Some types of ice melt seem to last longer than others, such as calcium chloride, which works at lower temperatures than most, and appears to work harder to prevent further ice buildup.
However, you shouldn’t buy ice melt based on its ability to prevent ice, as it’s usually a single-use product with short-term results.
You may find some ice melt products offer ‘residual action’, which tend to be more expensive than the average. Residual ice melting, which supposedly reduces the number of times you need to reapply in future, varies in longevity from product to product.
Some residual action ice melts can prevent further buildup for up to two to three days. However, most will simply melt ice away, meaning you’ll have to reapply as soon as conditions repeat.
For example, if it's likely to rain or snow again soon, you'll need to reapply this once the storms pass. Overall, it’s better value to buy ice melt that works at lower temperatures, rather than look solely for ‘residual action’.
However, the type or form of ice melt you choose may also dictate how long it’s likely to last. Traditional granular ice melt, for example, may not last long as it’s easy to disperse, kick or sweep away from surfaces, or get blown away in the wind.
Liquid ice melt can last longer than solid or granule melt as it won't scatter away underfoot. Liquid melt is great for colder climates but can wash away, too, if rainfall persists.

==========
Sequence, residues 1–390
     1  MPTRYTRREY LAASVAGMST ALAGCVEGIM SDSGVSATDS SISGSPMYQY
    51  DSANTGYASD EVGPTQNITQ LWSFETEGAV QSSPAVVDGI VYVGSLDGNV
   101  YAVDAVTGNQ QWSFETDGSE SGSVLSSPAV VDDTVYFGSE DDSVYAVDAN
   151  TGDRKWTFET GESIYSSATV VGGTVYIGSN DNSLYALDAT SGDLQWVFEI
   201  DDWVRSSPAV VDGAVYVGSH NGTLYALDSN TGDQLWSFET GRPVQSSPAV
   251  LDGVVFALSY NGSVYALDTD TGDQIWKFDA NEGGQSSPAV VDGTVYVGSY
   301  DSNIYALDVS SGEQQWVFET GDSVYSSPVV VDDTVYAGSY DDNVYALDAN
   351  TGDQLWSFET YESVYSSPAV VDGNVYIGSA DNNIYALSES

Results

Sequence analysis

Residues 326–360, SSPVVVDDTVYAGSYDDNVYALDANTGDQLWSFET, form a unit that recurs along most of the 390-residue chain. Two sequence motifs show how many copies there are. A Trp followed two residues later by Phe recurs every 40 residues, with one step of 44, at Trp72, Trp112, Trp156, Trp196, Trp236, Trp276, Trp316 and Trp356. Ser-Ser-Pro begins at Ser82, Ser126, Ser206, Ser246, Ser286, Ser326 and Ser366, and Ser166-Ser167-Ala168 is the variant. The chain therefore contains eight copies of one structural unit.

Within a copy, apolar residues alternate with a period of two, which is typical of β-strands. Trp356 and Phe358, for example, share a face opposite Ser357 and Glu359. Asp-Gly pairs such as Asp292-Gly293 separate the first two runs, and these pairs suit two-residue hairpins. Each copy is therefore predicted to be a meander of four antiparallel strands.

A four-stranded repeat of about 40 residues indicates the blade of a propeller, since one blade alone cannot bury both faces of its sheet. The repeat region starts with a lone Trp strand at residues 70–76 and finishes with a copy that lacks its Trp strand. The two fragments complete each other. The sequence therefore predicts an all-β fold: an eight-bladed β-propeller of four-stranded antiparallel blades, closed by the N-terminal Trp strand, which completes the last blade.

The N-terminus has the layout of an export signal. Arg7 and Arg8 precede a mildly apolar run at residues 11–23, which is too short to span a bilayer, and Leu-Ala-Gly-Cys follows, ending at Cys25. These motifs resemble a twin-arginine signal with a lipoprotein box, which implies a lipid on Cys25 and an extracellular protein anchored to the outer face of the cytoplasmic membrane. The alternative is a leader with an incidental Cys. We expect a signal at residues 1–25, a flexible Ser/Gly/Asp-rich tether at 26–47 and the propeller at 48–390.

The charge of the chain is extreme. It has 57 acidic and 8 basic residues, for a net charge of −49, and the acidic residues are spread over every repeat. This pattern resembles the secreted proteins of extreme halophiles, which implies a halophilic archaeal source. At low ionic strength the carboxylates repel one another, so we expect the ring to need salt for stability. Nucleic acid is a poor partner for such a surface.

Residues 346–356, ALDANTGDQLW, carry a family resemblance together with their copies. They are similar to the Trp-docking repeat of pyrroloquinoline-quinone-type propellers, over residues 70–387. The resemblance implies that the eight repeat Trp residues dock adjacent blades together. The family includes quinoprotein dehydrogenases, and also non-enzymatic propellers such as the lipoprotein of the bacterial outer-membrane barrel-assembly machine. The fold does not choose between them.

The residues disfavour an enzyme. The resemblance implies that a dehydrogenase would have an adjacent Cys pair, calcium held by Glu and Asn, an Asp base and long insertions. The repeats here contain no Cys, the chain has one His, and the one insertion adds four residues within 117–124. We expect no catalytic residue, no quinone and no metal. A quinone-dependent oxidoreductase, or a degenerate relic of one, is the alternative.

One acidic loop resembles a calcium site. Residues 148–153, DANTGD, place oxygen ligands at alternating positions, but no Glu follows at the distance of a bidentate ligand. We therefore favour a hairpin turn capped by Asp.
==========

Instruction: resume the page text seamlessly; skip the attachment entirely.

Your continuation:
Ice melt with added clay or sand, too, may persist for longer. Sand won’t melt ice on its own, but it’ll add grip.
Are Long Lasting Ice Melts More Expensive?
Generally, yes – ice melts with lower melting points tend to retail more expensively than your basic rock salt ice melt. That’s because they work harder (and may do so for longer, depending on their form).
It’s also worthwhile checking melting temperatures when buying ice melt for the first time. Some products, such as calcium chloride, can persist for longer as it has an extremely low melting point of -25ºF/-32ºC (on average).
Cheap melt, such as rock salt (sodium chloride) has a much higher melting point of around 15ºF/-9ºC, which means it won't fare long in very cold temperatures.
Before investing in expensive ice melt, consider the average temperatures for your local area in winter. If your area rarely dips below 0ºF/-18ºC, it may not be worth the additional cost – as melts with higher working temperatures are both cheaper and will work well in more temperate climates.